August 30, 2012
At the neighborhood coffee house, W. and I were chatting over our cups of coffee. About Eckhart Tolle, about seeing without thinking, about being a dot of paint that somehow managed to escape the canvas that all the other dots of paint take to be the whole world.
He looked at me quizzically. "Have you ever heard the Zen koan, 'What is the sound of one hand clapping?'"
"Do you know what a koan is?" he asked. I shook my head, No. "Koans are these riddles that they use in Zen Buddhism to challenge students. They usually sound like nonsense. But the nonsense somehow leads the student to a state of enlightenment. Then, suddenly, the student understands the riddle."
"OK," I answered. "So you have one that you're going to tell me?"
"Yeah. It goes like this: 'What is the sound of one hand clapping?'"
"I give up. What IS the sound of one hand clapping?" I said, waving my hand through the air.
"That's not bad," said W. "It looks like you are clapping to an imaginary hand. Not bad at all." After a pause, in which he reflected on what he THOUGHT I was doing, he said, "OK. Here is how I think of it."
He reached out with his left hand and grabbed my right wrist. "Can I borrow this?"
I allowed him to lift up my hand by the wrist. He held it about twelve inches above the table.
"THIS is the sound of one hand clapping!" With that, he slapped his right palm against my right palm. It made a strong conventional clapping sound.
Next, he leaned toward me and caught my gaze in his. He held the stare. Lowering his voice he said, conspiratorially, "And you know what?" I waited. Softly, he said, "It's the SAME hand!"
He let go of my hand. It remained in the same place above the table where he placed it for the clap. He put his hand near mine and slowly looked back and forth from one to the other.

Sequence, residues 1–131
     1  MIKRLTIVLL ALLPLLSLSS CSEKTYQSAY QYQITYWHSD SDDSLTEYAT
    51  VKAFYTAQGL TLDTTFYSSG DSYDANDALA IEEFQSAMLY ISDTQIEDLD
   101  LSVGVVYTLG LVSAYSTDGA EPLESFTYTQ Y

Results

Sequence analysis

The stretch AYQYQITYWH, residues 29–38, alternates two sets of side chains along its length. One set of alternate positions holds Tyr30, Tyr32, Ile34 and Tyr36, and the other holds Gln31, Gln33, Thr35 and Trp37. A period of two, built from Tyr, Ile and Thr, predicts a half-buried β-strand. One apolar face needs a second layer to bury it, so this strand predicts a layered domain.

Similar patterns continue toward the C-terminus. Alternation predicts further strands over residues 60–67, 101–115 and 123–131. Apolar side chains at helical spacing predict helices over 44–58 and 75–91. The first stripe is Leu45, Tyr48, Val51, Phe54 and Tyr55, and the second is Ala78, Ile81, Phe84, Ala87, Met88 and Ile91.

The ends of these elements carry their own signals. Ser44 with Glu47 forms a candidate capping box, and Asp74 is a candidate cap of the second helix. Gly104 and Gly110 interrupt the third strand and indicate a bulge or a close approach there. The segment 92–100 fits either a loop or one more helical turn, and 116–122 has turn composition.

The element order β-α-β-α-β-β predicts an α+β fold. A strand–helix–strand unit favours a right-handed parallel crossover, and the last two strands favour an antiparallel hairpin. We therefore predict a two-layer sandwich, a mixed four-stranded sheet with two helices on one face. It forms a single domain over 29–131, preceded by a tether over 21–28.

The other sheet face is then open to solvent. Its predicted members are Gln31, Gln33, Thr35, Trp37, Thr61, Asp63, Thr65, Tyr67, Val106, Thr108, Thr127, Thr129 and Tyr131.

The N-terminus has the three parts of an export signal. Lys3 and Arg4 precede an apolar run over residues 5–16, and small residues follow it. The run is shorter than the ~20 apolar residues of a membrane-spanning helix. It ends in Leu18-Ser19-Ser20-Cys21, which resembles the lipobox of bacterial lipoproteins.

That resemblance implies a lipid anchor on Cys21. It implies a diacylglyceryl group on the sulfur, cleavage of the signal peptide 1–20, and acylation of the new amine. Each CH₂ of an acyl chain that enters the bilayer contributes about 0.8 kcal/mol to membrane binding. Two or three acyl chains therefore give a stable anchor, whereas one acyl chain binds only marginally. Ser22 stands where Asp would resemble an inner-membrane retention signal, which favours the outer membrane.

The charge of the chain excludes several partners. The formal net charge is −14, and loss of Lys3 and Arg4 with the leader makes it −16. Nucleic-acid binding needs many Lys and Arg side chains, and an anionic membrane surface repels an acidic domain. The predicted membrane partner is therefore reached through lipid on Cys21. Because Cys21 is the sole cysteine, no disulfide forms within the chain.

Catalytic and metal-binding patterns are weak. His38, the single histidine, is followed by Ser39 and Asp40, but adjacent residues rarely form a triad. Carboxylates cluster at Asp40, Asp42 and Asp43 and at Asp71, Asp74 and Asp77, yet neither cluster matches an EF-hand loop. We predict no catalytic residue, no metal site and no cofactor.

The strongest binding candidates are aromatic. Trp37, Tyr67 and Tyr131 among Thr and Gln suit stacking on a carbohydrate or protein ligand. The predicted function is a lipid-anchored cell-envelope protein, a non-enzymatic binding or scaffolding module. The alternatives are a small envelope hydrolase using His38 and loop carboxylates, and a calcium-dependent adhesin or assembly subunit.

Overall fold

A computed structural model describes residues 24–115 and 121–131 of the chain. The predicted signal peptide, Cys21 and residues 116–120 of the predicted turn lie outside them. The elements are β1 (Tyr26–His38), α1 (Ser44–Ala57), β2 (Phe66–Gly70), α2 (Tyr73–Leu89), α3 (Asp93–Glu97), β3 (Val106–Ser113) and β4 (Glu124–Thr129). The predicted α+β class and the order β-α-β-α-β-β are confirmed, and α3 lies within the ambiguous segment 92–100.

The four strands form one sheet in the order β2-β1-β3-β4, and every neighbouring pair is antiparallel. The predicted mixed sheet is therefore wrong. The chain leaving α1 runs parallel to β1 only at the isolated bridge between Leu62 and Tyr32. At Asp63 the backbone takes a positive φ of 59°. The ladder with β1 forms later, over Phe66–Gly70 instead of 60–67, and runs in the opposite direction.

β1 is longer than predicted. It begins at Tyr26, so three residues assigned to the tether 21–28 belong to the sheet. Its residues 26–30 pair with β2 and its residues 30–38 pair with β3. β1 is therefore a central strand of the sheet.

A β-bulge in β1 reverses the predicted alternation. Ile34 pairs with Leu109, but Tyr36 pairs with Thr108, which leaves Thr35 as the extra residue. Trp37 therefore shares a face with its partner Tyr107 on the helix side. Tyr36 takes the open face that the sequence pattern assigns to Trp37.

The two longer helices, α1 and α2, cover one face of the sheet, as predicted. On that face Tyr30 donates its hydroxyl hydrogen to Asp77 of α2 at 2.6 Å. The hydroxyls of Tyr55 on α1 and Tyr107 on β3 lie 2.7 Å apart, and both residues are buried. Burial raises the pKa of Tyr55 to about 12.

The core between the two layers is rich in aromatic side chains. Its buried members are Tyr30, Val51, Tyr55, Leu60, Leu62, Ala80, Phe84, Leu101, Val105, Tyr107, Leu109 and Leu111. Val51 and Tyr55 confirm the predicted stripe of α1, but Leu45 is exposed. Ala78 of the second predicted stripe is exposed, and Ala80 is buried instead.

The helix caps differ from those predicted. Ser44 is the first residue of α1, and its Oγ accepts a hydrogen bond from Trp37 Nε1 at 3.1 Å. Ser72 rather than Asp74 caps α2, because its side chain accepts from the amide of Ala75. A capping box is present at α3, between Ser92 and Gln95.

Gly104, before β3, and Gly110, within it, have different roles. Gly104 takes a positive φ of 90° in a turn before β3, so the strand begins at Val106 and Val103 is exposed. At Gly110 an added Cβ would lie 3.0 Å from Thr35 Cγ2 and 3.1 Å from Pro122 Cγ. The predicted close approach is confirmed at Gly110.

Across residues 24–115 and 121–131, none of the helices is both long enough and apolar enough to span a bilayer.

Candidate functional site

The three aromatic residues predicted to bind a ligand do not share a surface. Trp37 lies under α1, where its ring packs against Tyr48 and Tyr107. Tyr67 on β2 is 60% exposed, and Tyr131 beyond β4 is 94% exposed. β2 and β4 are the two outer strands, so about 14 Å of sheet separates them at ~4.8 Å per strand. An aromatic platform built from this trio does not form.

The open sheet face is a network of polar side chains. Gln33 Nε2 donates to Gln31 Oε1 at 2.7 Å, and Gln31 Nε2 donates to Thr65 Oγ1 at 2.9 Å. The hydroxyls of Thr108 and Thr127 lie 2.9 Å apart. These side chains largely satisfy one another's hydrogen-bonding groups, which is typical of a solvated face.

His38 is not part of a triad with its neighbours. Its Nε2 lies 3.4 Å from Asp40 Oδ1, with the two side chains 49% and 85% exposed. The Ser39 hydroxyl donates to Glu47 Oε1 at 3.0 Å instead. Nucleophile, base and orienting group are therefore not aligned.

I was momentarily stunned. Did I clap my hand against his? Or did HE clap my hand against his. For an instant, I couldn't be sure whether that hand--under his control--was his hand or my hand. I, too, looked from one hand to the other, and nodded. At a certain level of understanding, these were not two hands. They were both manifestations of a single HAND.
I reached over with my left hand and grabbed his right wrist as he had done with mine. Then I slapped my right palm against his right palm, making the clapping noise.
"That is the sound of one hand clapping," I agreed. "It's the 'God-HAND' reaching out into two separate manifestations and clapping itself."
In a moment of contentment, W. laughed softly. I laughed softly, too. W. and I laughed softly. We laughed softly. I and we laughed softly. I/we laughed softly.
Finally, one of us--and it doesn't really matter who that was--said:
"Every single one of us is a God-HAND clapping other God-HANDS."